What Was The Sin of Sedom? By: Rabbi Dan Margulies

October 24, 2018

A perennial question which every commentator must grapple is the question of identifying exactly what was the sin of sodom its people. Why did they deserve to be destroyed? What was the failing of their society? One answer which deeply resonates with me, and which I think can serve as a lens for examining broader hashkafic themes was given by Rav Moshe Avigdor Amiel ztz”l.

As his starting point to answer the question Rav Amiel took the mishna in Avot (5:9):

ארבע מידות באדם: האומר שלי שלי ושלך שלך זו מידה בינונית; ויש אומרין זו מידת סדום. שלי שלך ושלך שלי עם  הארץ. שלי שלך ושלך שלך חסיד. שלך שלי ושלי שלי רשע

שלך ↓          שלי ← שלי שלך
שלי רשע עם הארץ
שלך בינוי או מדת סדום חסיד

According to the mishna there are four archetypal character types based on how one relates to their own possessions and how one relates to the possessions of others. One to whom “mine is yours and yours is yours” is a hasid—pious. One for whom “mine is mine and yours is mine” is a rasha—wicked. One for whom “mine is yours and yours is mine” is an am haaretz—ignorant, foolish, plebeian. These are less interesting than the final archetype. The mishna gives two alternate interpretations of a person for whom “mine is mine and yours is yours.” The stam mishna considers this person a beinoni—an average individual. However, the mishna relates that others declare—yesh omerim—that this is the trait of Sodom.

Rav Amiel was troubled by the fact that the opinion in the stam mishna and the opinion of the yesh omerim are such polar opposites. It seems as if the stam mishna sees this attitude as relatively benign while the yesh omerim condemn it harshly. Rav Amiel suggested a novel way to read the mishna that harmonizes this tension and results in the mishna reading as a singe message. He would have translated  … האומר as “If one person says ‘Mine is mine and yours is yours’ it is an average trait” but …  ויש אומרים “… as soon as there are multiple people who say ‘Mine is mine and yours is yours’ it is the trait of Sodom.” According to Rav Amiel, a society can function and can sustain a basic ethical underpinning if there is a critical mass of hasidim in the society, whose generosity and altruism support the needy around them. As soon as there are too many benonim in the society, as soon as there are many who are guided by indifference and selfishness the society will collapse under the weight of its own iniquity.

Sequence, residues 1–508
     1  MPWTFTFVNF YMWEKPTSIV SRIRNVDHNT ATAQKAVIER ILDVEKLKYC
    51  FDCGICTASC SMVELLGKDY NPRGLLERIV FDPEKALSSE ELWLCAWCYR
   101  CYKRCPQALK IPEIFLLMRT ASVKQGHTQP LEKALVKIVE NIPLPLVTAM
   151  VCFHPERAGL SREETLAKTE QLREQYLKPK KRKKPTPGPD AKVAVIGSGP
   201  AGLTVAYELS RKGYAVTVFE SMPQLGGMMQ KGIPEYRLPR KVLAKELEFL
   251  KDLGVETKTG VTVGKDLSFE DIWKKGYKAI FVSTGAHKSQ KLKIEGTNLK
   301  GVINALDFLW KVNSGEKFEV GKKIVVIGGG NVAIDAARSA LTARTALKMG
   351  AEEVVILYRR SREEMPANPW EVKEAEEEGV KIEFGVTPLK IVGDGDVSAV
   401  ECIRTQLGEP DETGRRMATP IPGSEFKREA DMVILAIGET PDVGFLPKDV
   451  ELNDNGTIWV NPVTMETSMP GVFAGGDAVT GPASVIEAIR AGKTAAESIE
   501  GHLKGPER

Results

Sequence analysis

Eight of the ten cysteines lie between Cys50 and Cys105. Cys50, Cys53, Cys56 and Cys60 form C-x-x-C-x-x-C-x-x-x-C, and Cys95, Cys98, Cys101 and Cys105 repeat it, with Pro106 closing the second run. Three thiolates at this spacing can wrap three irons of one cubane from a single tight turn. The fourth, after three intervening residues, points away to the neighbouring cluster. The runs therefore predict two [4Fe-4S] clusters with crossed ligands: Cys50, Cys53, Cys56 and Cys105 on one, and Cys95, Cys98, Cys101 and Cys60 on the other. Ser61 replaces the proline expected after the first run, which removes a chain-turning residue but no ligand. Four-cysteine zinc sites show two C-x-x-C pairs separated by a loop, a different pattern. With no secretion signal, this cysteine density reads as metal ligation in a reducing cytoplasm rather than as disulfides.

I think this four-part classification (so common in Avot) and in particular the ambiguity in the fourth class are a useful lens for examining a core question that lies at the heart of many hashkafic debates today, and for isolating an orienting principle for a Modern Orthodox outlook, based on a story told by Rav Aharon Lichtenstein ztz”l. (N.B. When I posted this story on Facebook on Tuesday it received over 40 “likes” and “loves”).

“A couple of years after we moved to Yerushalayim, I was once walking with my family in the Biet Yisrael neighborhood, where R. Isser Zalman Meltzer used to live. For the most part, it consists of narrow alleys. We came to a corner, and found a merchant stuck there with his car. The question came up as to how to help him; it was a clear case of perika u-te’ina (helping one load or unload his burden). There were some youngsters there from the neighborhood, who judging from their looks were probably ten or eleven years old. They saw that this merchant was not wearing a kippa. So they began a whole pilpul,based on the gemara in Pesachim (113b), about whether they should help him or not. They said, ‘If he walks around bareheaded, presumably he doesn’t separate terumot u-ma’asarot, so he is suspect of eating and selling untithed produce …

“I wrote R. Soloveitchik a letter at that time, and told him of the incident. I ended with the comment, ‘Children of that age from our camp would not have known the gemara, but they would have helped him.’ My feeling then was: Why Ribbono shel Olam, must this be our choice? Can’t we find children who would have helped him and still know the gemara? Do we have to chose? I hope not; I believe not. If forced to chose, however, I would have no doubts where my loyalties lie: I prefer that they know less gemara, but help him.